“You can never do anything by half; do you understand that?” young Raphina once said, speaking of art, and of life.
While the plot reads like a typical teenage romance novel, Sing Street is a movie that progresses much beyond the popular genre of coming-of-age films, significantly elevated by its exceptional soundtrack. Set in scenic, sunny Dublin of 1985, the movie evolves almost instantly into a nostalgic treat for the lovers of the ’80s, where director John Carney’s latest venture into the world of music works like a charm as we watch fourteen-year-old Conor (Ferdia Walsh-Peelo) learn about family, love, and the joys of music.
Right from the start, the strong Irish accent quickly draws us into the family drama within the Lawlor household, as the bickering parents and mismatched siblings work to set the tone for the movie. Packed with subtle sarcasm and heavy punchlines, the film instantly establishes itself as a mix of concepts that reflect the MTV-inspired generation of rock and roll. Transferred to a Christian boys school where he can be taught to ‘act manly’, Conor finds himself shuffling to Synge Street with Motorhead’s ‘Stay Clean’ working to provide the background music for the scene, a heard of awkward boys rushing about him. The image of innocence, Conor’s dramatic character progression is apparent through the movie as a result of the finesse with which every scene is scripted.
The strength of the movie lies in its multitude of characters and their well-placed presence in different parts of the story. While Conor holds the position of the main lead and the tale is one of his growth into an independent man in control of his life, the significance of the others cannot be ignored. Lucy Boynton, who plays Conor’s lady love Raphina, essentially ignites and then shines a light on his musical journey. Serving as inspiration for the band’s first original song, her aura, reminiscent of a more dolled up version of Sandy from ‘Grease’, evolves as her dreams of a future rise and crash through the film. Eamon, played by Mark McKenna, is another significant character whose presence in the film highlights friendship at its best as he helps Connor write some lyrics and make some sense of his life.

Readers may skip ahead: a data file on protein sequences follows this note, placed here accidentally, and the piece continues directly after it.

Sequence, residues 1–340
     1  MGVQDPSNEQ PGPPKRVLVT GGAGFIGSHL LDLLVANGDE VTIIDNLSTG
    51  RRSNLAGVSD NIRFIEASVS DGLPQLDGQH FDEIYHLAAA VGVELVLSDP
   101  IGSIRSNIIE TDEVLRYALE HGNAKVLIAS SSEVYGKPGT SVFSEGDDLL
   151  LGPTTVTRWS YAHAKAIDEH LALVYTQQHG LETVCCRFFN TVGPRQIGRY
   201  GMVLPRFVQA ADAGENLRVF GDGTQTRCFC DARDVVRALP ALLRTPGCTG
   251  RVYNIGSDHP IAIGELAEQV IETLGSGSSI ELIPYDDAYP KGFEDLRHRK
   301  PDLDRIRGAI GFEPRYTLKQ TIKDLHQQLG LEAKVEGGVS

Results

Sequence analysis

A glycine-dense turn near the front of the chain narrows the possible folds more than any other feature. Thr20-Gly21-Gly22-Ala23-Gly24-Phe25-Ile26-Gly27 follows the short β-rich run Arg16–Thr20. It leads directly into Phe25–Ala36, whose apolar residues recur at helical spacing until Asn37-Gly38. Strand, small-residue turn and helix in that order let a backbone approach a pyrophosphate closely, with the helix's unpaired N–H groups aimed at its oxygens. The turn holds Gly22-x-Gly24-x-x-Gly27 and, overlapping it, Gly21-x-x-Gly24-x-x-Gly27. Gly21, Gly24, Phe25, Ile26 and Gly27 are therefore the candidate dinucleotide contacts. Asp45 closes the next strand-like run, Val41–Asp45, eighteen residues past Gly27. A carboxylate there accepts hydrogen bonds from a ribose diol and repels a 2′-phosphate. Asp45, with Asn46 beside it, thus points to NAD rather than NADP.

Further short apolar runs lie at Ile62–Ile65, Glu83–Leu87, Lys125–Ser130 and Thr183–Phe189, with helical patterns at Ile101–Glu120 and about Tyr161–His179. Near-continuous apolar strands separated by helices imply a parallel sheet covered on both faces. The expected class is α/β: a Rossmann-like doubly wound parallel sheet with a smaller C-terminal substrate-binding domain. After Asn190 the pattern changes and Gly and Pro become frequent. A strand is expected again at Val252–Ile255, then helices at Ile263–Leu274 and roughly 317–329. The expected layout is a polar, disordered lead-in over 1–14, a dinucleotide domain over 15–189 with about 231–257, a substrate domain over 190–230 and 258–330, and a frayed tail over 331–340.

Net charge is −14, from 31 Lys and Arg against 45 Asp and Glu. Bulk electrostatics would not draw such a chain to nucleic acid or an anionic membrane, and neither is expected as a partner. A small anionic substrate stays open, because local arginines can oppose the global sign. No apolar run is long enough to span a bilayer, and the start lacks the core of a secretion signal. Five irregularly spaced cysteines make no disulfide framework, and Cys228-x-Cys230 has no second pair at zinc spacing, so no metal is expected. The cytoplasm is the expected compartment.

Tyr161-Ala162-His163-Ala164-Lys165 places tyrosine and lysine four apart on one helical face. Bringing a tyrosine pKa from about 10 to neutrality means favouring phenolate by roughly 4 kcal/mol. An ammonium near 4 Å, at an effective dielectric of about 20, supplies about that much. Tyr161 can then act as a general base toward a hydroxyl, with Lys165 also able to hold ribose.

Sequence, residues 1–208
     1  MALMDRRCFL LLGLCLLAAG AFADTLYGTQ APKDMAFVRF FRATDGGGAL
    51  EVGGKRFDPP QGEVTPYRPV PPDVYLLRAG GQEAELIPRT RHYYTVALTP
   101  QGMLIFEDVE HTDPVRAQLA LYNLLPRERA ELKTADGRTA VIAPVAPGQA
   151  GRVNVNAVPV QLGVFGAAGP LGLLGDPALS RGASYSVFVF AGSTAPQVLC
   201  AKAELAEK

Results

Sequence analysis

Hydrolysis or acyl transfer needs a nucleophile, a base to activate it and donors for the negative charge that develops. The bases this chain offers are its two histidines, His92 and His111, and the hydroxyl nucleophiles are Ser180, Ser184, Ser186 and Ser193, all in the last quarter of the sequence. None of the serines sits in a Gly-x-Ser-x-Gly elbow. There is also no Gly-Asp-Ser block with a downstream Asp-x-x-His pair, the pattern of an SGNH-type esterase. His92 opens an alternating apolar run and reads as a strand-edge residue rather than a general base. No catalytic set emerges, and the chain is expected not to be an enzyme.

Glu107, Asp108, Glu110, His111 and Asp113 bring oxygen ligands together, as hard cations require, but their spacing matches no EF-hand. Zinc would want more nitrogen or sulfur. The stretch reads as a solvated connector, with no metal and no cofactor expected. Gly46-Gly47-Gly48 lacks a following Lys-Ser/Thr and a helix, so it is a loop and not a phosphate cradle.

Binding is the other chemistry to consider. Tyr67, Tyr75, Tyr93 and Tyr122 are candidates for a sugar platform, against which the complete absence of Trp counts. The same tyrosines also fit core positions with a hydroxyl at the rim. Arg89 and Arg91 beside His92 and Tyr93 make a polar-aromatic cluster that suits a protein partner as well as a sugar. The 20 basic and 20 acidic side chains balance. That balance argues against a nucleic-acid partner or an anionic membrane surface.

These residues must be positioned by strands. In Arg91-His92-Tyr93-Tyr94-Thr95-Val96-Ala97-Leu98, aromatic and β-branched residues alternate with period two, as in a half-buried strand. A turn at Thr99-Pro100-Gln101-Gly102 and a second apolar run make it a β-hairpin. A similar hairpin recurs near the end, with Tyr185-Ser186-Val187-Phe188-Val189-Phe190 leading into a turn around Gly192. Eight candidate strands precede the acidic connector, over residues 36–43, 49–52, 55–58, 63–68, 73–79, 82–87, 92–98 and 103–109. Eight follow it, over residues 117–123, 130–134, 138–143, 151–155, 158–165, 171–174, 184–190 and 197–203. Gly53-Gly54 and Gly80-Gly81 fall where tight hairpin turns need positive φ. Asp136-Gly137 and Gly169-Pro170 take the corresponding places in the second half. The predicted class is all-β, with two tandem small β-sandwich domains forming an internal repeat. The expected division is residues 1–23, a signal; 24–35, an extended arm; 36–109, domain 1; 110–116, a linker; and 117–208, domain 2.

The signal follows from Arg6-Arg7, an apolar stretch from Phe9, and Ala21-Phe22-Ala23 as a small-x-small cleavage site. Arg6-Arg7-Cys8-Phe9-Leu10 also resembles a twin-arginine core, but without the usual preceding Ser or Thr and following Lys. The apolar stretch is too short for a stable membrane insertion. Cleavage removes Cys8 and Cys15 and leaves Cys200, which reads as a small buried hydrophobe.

When Brendan says, “No woman can truly love a man who listens to Phil Collins” we listen on with uncertain agreement, watching actor Jack Reynor pull the movie together, both through his contribution to Connor’s musical education and through his strong yet wavering storyline in the movie. Apart from his words of wisdom that provide a few cackles throughout the movie, Brendan builds into the family angle of the narration, both increasing and diminishing the seriousness of the film in turn.
Starting by channelling synthpop ‘70s band Duran Duran, the boys shuffle through a variety of tunes to find their place in the music world, following Connor without question as he tries on style after style, while the rest of the boys look on, content with just making some music. Using the song “Rio” as the inspiration for their first original song “The Riddle of the Model”, the movie boasts its first stand out moment of pure genius, the track an echo of the music that once was, the mismatched costumes along with the mismatched boys an honest tribute to the ‘80s.
As the lyrics of their next song ‘Up’ are written and the track plays out, the movie progress slowly as we witness the band coming together, a simplistic directorial choice that works beautifully for the narration. As Connor begins to explore the concept of ‘happy sad’ while experimenting with music by The Cure, his style changes again. The innocence of their exploration of music is truly a journey of magic and mystery as the shift in their understanding of art, and the creation of something they believe in, slowly develops.
Other original tracks like ‘Drive It Like You Stole It” and “Brown Shoes” give the film its unique touch as the music hinges on outrageous yet fits the context of the story like a glove. The dark moments of the movie are perfectly balanced out by the soundtrack that chooses to take some weight off of the film, to create an atmosphere that allows us to enjoy it.
While the ending of the movie has received criticism for being overly optimistic to the point of promoting the beliefs of misguided youth, the film as a whole still stays on track with its off-centre purpose as a feel-good film as the young ones ride off into the sunrise together, setting off on an adventure, yet caught in the pouring rain as the dangers of the sea present itself to them. It’s not a happy ending but it isn’t a sad one either, furthering the ambiguous nature of hope and reality that is constantly put to the test in the film.